There’s a tale to be told. “The Jade Emperor, ruler of Heaven and Earth, wished to have a big birthday celebration. He invited his favorite animals from throughout the land, and organized a Great Race to see which one of them could reach the palace first.”

The winner would become the first Jade Star, but other stars would be created as each animal crossed the finish line. Just how some of them got across the river is part of the charm of “The Great Race: How The Chinese Zodiac Came To Be” ($17.95 in hardcover from Greenleaf Book Group Press,; also for Amazon Kindle). Written by Charles Huang and Stacey Hirata, with illustrations by Jerome Lu, the book explains the ordering of the lunar calendar, from the rat to the pig, twelve animals in all.

Huang “co-created the Guitar Hero video game franchise” and Hirata, “a fourth-generation Japanese-American ... raised in San Francisco,” has led “creative teams for hundreds of video game creators.”

I also found out that Hirata has visited Chico several times and as a child swam in the Feather River during the hot summers. She dedicates the book “to my amazing husband Ford (Year of the Monkey) and my favorite twins Kennedy and Ryder (Year of the Ox).”

Some of the animals take advantage of others in the race. The Rat was small and asked the Ox for a ride. “The Ox, being generous and kind, agreed and began to cross the river. When the Ox reached the other side, the Rat quickly jumped off his back and ran across the finish line, earning first place in the Great Race.” The Ox came in second.

The Rooster found a raft stuck in some weeds, and enlisted “the friendly Monkey and the rugged Ram” to help. “The Jade Emperor was so impressed with their cooperation that he awarded the Ram eighth place, the Monkey ninth place, and the Rooster tenth place.”

The Chinese New Year on February 19 ushered in the Year of the Ram (or Goat or Sheep, depending on who’s telling the story). And now you know why.

Sunday, February 15, 2015

A novel from George Keithley


“Ring Of Fire” ($19.95 in paperback from Plain View Press) begins with a bang--the eruption of Mt. St. Helens--and carries the reader into the life of a family that is set to explode as well. Chicoan George Keithley, renowned for his poetry, brings a sharp sensitivity to the human condition in the story of Dr. Robert Pell, a volcano expert.

Pell is working with Dick Darwin of the National Emergency Planning Agency, whom Darwin wants to become the voice of authority in case other volcanoes threaten to blow. Too many lives gone at Mt. St. Helens caused by haphazard responses from state and local agencies. Dick is out to change that.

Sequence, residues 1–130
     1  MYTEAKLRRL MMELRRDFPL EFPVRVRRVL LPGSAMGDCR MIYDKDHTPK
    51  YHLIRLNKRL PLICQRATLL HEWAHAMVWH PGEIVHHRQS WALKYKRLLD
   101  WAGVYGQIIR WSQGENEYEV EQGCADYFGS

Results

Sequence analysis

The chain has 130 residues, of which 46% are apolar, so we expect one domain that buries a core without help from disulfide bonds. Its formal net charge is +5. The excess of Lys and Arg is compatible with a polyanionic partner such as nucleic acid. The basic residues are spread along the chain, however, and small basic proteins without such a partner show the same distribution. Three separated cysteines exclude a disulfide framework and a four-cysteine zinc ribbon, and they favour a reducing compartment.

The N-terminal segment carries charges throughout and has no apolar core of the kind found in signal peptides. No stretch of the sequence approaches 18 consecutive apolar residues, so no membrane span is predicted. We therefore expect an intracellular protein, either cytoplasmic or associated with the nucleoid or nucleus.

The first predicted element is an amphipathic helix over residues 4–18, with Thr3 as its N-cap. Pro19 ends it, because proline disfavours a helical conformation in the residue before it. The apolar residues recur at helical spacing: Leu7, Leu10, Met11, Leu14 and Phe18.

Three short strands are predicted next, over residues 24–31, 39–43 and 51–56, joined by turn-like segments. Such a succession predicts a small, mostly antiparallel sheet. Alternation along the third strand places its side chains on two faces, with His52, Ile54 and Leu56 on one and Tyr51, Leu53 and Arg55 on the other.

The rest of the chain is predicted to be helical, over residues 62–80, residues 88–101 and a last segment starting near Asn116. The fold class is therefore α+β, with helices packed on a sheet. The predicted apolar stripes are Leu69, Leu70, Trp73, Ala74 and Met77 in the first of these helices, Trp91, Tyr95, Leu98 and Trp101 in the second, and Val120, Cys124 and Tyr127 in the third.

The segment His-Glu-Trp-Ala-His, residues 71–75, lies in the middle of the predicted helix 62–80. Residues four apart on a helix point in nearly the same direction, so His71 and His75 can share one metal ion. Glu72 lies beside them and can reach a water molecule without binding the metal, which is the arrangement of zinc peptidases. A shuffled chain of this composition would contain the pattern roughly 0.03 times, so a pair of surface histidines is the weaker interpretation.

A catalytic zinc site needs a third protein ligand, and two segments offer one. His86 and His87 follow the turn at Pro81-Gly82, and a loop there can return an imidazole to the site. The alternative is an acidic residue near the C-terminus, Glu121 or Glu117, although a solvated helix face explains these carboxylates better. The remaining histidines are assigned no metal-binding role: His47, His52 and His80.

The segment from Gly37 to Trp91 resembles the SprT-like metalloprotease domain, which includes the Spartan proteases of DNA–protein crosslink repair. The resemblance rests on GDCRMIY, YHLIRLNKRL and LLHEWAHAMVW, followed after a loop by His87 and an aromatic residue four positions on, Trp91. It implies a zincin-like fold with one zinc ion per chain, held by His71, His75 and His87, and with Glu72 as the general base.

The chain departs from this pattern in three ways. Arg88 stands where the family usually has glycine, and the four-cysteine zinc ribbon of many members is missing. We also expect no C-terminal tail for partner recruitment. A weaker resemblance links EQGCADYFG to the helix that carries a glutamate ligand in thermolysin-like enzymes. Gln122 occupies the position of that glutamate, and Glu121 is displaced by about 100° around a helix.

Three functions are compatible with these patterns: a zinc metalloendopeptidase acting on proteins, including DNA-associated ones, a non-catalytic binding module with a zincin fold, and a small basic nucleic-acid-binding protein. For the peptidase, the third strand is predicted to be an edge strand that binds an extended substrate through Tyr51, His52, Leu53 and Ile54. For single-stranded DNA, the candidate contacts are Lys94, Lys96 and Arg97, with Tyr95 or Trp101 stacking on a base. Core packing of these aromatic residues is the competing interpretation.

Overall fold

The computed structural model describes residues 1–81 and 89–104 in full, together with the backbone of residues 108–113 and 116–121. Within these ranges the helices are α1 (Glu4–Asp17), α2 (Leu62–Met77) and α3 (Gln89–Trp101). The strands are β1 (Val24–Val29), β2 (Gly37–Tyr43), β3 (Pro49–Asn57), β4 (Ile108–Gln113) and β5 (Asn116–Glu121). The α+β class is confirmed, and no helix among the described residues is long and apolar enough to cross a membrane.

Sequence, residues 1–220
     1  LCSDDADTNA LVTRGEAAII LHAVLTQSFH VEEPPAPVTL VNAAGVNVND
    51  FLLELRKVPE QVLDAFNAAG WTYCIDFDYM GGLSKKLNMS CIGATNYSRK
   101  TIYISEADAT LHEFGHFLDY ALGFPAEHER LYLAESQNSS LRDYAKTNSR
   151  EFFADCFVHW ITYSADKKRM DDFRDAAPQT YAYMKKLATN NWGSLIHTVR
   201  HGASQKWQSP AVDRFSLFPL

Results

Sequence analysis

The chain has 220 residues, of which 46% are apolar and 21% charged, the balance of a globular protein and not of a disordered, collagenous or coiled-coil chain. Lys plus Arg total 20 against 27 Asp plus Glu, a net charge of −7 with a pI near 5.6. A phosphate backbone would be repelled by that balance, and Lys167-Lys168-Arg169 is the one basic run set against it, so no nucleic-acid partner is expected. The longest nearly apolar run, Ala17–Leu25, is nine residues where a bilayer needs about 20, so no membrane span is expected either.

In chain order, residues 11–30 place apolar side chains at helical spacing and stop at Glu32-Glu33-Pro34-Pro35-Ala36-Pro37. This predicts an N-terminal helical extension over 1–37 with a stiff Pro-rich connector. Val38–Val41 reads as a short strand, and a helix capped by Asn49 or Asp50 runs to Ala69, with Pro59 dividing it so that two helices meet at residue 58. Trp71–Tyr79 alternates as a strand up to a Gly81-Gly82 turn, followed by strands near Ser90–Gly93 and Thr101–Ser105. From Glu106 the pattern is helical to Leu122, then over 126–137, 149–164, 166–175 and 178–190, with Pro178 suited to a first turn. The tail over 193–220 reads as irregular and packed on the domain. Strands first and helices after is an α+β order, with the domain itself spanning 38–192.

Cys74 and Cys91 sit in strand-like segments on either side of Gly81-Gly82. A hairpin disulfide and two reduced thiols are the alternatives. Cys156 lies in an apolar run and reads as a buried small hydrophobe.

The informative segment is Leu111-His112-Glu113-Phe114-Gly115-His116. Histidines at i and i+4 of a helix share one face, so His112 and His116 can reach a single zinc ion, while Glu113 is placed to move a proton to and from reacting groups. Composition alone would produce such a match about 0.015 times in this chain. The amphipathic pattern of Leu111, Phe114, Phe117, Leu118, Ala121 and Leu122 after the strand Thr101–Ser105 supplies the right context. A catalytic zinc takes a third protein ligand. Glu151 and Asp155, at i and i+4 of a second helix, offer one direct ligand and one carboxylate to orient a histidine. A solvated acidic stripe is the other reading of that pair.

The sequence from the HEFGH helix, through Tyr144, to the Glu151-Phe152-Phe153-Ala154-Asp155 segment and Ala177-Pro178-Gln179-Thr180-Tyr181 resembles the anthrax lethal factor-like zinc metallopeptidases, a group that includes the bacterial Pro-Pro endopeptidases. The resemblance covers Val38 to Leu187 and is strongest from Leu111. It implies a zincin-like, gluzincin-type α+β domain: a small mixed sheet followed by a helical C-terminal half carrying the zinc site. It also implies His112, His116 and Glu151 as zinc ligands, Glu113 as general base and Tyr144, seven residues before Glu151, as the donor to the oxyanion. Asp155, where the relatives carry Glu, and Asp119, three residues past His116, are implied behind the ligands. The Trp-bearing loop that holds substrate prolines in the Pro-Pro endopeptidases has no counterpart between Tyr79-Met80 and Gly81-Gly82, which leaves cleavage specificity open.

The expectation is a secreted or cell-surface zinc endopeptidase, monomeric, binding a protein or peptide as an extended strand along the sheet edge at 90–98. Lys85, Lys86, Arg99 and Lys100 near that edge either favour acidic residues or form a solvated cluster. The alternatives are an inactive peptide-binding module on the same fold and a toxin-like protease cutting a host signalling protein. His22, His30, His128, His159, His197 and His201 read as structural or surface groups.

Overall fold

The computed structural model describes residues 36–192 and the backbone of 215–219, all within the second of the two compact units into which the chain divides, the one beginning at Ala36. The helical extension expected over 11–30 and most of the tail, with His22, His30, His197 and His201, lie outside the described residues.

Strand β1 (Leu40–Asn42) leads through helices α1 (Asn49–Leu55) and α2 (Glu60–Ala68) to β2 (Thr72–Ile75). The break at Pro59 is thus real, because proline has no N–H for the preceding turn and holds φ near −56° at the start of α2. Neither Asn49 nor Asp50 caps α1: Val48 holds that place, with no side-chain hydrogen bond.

Pell is headquartered near Lassen Peak and Darwin is immediately smitten with his daughter, Linda, who, like Dick, is in her twenties. Eventually they live together for a while in the Bay Area, but there’s a parting amidst confusion about the nature of love.

Dr. Pell’s wife, Annette, is addicted to cocaine and her dealer, A.J., a courteous young man, takes a liking to Linda. For reasons revealed in the novel, Dr. Pell cannot abide A.J. “But while Doctor Pell had traveled the Pacific Rim,” Dick says at one point, “lecturing on its volcanic hazards, his wife had remained at home where she understood, if anyone did, that the family too is a ring of fire.”

That includes Pell’s brother, Father Ted, a misplaced Catholic Priest taken with the writings of an old pioneer who sanctioned the killing of Ishi’s people and then spent a lifetime repenting. “The fire that burns us with our guilt is the fire of love, isn’t it?” Father Ted tells his congregation. “Only if we care for each other can we know our guilt, feel shame, and hope to be forgiven.”

The tragedies that bring the story to an end offer hope, but muted. Keithley has written a deeply insightful account of painful love that will not soon be forgotten.

Sunday, February 08, 2015

Free time in Israel


Michael Leitner teaches in the Department of Recreation, Hospitality, and Parks Management at Chico State University; Sara Leitner teaches in the Department of Kinesiology. Together the couple has made extensive study of leisure--free time--with a special emphasis on Israel. And now they've produced a remarkable book exploring "Israeli Life and Leisure In The 21st Century" ($40 in paperback from Sagamore Publishing; also available in ebook format at

The book is a collection of reports from a wide variety of scholars as well as those involved in leisure movements in Israel today. The 55 chapters focus on aspects of Israeli life outsiders may know little about, from folk dance to chess, weddings to wine tourism.

Eight chapters deal with "recreation programs for promoting peace in Israel," such as ice hockey and Friendship Games. Nine chapters present facets of leisure diversity in Israel, including "leisure culture in Arab society in Israel"; life of the Ultra-Orthodox; recreation for those with special needs; and "calculating hedonism among Israeli gay men."

The Leitners contribute several chapters, and note in the introduction that though Israel is "one of the safest places in the world to visit," "because of the unique security threats that Israel faces, military service is mandatory for Jews. Males serve for 3 years after high school and women serve for 2 years." An epilogue discusses "Israeli Leisure and Life Under Rocket Fire," and Michael Leitner writes that he and Sara were living in Tel Aviv in July 2014 when war broke out and "red alert sirens were sounding at least twice daily." Beach times by the Mediterranean Sea are interrupted by rocket alerts.

Yet the Leitners insist "the future is bright" for Israel; "its people are among the happiest in the world ... there is so much more than what is shown in the popular media." Their book is a corrective, with something surprising on every page.

Michael and Sara Leitner will be presenting their book and signing copies at Congregation Beth Israel, 1336 Hemlock Street in Chico, this afternoon from 4:00 - 5:15 p.m. Admission is free and light refreshments will be served.

It doesn’t have to be “creation vs. evolution”